My great aunt is dying. She is 92.
Aunt Bernadine is the last of my relatives in her generation, and she is not my blood relative. She married my Nana’s brother, Uncle Ned. My family was very close with Uncle Ned – brunch every Sunday, always holidays and birthdays together – but Aunt Bernadine wasn’t always around. She was a bit of a recluse. For as much as Uncle Ned was normal, Aunt Bernadine was a little on the kooky side.
Aunt Bernadine didn’t dress flamboyantly, she wasn’t into the arts or something cool like pagan rituals. She never dispensed interesting or thoughtful advice, and she wasn’t the person I went to when I didn’t know how to talk to my parents. Rather, she was kind of self-focused and not real loving, even to her only daughter. My great aunt came from a family history of mental illness so even if she didn’t have a large dose of that, her family influenced how she interacted with others. Certainly not an influence one might prefer.
But I loved her. Yes, she was not to great to my Nana, but I came along well after all the fighting happened. I saw this quirky, nice lady who smiled when I said hello to her and would listen to me when I had some story to tell (which was often). I loved my Uncle Ned so I naturally loved my Aunt Bernadine. When you’re 7, that’s just how it works. Even as I got older and learned that she wasn’t the sweet old lady I thought she was, I didn’t care much. Water under the bridge to me.
Once, when I was at college, Aunt Bernadine mailed me some poems she wrote. I was touched that she thought to send them to me. Aunt Bernadine seemed to know me as me – a writer, an artist – not just as one of her great-nieces. I don’t know where those poems are, but I don’t think I threw them away. In the event that I find them, they will certainly be framed.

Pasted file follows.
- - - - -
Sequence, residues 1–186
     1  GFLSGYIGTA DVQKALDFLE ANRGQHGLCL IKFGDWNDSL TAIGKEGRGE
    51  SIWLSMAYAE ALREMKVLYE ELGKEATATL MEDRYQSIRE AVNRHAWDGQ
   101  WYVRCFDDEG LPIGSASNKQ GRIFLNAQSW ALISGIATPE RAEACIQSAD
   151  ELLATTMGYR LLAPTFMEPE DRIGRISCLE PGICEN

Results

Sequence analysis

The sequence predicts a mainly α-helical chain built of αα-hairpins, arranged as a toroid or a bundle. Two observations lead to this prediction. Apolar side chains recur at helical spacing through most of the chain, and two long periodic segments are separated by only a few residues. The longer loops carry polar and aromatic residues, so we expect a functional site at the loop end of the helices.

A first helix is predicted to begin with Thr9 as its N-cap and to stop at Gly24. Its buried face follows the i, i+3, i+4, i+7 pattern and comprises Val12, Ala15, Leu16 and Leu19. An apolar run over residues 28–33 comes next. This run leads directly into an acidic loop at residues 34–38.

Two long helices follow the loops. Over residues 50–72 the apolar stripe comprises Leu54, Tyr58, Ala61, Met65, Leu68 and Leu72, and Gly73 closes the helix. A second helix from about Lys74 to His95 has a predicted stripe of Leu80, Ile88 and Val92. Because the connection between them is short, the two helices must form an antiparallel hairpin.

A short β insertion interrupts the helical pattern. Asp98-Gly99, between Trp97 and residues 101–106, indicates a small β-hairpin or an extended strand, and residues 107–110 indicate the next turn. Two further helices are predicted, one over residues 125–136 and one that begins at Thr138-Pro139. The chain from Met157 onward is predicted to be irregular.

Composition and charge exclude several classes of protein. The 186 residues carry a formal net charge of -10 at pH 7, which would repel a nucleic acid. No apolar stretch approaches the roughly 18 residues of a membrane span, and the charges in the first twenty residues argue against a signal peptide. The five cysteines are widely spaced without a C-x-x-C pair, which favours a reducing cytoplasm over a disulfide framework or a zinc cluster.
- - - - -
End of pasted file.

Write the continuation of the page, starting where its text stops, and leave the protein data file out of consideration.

As the last of the truly Elder generation, I worked hard for my daughter to meet Aunt Bernadine. With L’s dancing and running around the lobby of the Assisted Living center, Aunt Bernadine would laugh or smile as best she could. I doubt L will remember my aunt, and that makes me sad. Sometimes I regret that I didn’t have children earlier so that my kids could enjoy as much of my family as possible (of course, who the father would have been I have no idea!). My family, although strewn out all over the U.S., is the focus of my life. I never thought I’d say that, but there it is.
Yes, Aunt Bernadine lived a long life. Yes, her quality of life in the past 6 months or so hasn’t been so good. Yes, everyone dies. But I am taking this time (a day, maybe two) to just be really sad as we wait for her to die. Kooky or not, Aunt Bernadine is a part of my family, and I love her.
**UPDATE** After writing this post, I remembered that Aunt Bernadine used to say things to us that sounded like non-sequiturs but apparently were completely logical to her since what she said often made her chuckle. I also remembered that she would end conversations with “Toodle-loo!” We thought that was so silly. But it made her unique.
Aunt Bernadine died tonight, March 18, around 9:30pm EST. Toodle-loo, Aunt Bernadine. Toodle-loo.